Over the next five years, we expect the market landscape to be characterized by the increased presence of local Independent Software Vendors (ISVs) and niche systems integrators. A key opportunity for ISVs and local systems integrators is the intention of enterprises in the country and the wider region to utilize mobile platforms to deliver services; this also includes the government’s aim to develop its own m-government service. Increased competition therefore drives an innovative environment in Saudi Arabia for the development of local ICT solutions. 

 

4. Smart city projects and infrastructure investments

As part of the aim to make Saudi Arabia a regional hub for trade and manufacturing, the government has outlined large investment plans to build four new smart cities, including the King Abdullah Economic City (KAEC). Such cities will be built with modern infrastructure, using state-of-the-art communication and collaboration services, smart network solutions, M2M/IoT services, cloud-based facilities management services, and comprehensive business continuity and disaster recovery solutions.

There is also increasing pressure to address the impact of rising urbanization in major cities. For example, in Jeddah rising traffic congestion will be addressed through smart traffic management solutions, providing better monitoring and more efficient traffic management capabilities.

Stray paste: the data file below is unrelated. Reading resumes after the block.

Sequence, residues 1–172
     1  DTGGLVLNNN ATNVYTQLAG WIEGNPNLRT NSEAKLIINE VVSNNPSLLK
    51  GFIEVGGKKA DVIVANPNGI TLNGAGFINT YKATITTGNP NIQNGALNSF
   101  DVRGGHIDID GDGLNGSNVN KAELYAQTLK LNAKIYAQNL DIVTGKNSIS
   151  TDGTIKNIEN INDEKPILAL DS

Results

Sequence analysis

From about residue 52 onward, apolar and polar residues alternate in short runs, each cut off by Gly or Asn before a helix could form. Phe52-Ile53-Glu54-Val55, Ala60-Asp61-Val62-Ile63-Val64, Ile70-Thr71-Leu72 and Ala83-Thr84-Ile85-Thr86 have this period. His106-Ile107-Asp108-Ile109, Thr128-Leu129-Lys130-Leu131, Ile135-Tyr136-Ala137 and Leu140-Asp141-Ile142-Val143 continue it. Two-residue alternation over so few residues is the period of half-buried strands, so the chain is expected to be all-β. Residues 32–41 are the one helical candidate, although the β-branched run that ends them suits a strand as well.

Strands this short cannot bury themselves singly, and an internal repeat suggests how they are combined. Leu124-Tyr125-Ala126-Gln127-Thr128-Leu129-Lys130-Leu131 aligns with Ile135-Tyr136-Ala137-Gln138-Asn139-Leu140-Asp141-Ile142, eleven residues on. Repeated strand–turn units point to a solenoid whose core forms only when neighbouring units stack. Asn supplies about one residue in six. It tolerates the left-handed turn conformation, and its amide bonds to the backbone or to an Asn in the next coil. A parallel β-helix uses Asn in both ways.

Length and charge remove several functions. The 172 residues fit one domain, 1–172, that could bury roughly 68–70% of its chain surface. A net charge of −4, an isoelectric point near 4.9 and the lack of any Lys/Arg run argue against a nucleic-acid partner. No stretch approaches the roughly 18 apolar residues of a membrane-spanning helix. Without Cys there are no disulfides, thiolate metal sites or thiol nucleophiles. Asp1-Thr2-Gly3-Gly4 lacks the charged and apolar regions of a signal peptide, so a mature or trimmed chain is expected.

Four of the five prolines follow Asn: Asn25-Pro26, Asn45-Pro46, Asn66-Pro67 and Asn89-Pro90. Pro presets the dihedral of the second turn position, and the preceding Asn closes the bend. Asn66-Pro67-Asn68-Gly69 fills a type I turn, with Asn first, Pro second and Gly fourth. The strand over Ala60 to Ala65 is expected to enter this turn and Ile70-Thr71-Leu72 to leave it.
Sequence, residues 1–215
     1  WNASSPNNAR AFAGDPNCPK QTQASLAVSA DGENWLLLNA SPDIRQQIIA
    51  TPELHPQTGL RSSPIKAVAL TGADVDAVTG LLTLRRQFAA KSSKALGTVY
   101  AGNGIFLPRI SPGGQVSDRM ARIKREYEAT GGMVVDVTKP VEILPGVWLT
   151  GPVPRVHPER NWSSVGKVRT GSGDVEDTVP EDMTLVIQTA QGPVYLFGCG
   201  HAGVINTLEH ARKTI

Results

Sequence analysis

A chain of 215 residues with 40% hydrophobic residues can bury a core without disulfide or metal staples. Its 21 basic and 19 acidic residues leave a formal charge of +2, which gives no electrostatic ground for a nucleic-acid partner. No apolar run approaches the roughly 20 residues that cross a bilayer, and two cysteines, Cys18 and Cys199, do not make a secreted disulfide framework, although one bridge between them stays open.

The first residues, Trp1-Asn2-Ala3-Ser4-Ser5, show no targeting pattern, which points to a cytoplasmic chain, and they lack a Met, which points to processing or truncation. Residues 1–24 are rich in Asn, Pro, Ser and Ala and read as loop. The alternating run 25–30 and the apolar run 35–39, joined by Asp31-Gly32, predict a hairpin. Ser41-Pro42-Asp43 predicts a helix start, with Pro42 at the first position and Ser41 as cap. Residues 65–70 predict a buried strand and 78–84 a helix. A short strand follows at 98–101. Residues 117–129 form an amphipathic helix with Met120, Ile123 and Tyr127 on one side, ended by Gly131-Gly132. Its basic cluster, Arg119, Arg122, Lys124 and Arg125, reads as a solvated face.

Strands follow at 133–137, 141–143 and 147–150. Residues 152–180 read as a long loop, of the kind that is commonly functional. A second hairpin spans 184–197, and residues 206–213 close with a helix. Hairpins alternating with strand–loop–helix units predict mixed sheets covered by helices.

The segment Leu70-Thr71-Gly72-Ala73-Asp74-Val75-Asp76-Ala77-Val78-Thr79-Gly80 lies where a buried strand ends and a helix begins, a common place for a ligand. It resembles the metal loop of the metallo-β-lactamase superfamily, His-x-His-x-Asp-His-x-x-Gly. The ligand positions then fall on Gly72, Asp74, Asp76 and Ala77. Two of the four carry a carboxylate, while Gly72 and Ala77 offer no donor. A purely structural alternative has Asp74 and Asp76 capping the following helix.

Given the religious significance of the country, whereby millions of Muslims travel for annual pilgrimages to Mecca and Medina, there is also a need for state-of-the-art logistical solutions. M2M/IoT solutions can help monitor and analyse patterns in the movement of people and their activities, therefore ensuring optimal operational strategies are utilized.

 

5. Developing ICT skilled workforce 

Another key investment opportunity for the private sector highlighted by the Saudi government is investment in technical training centers. A number of IT service providers such as Cisco, Huawei, SAP, Oracle, Microsoft and IBM offer training and educational workshops in the country via educational institutions and through independent events. The pressing need is to make such content more widely available and accessible. Achievements have been made in the past two years with the development of numerous e-learning platforms. The intention is to build a skilled workforce for the ICT sector, and support the country in becoming a hub for app development and online content in the coming years.

Such initiatives provide a long-run optimistic outlook on the increased usage of ICT services. Lack of awareness and understanding of IT services is a major challenge for adoption in many markets in the region as this leads to reluctance to change current infrastructure and systems. Increased efforts by ICT service providers and governments to make the mechanisms, components and benefits of services clearer will help boost IT services adoption as enterprises realise the long-term benefits to their business operations.

 

Wrap-up

In summation, Saudi Arabia will remain the largest ICT market in the region, but recent government revenue concerns lead to a cautious outlook on the growth of the market over the next five years. Support in the long-run will arise from completion of major investments in infrastructure, in e-government initiatives and increased participation of the private sector. 

 - Hussein Ahmed – Analyst, Africa and the Middle East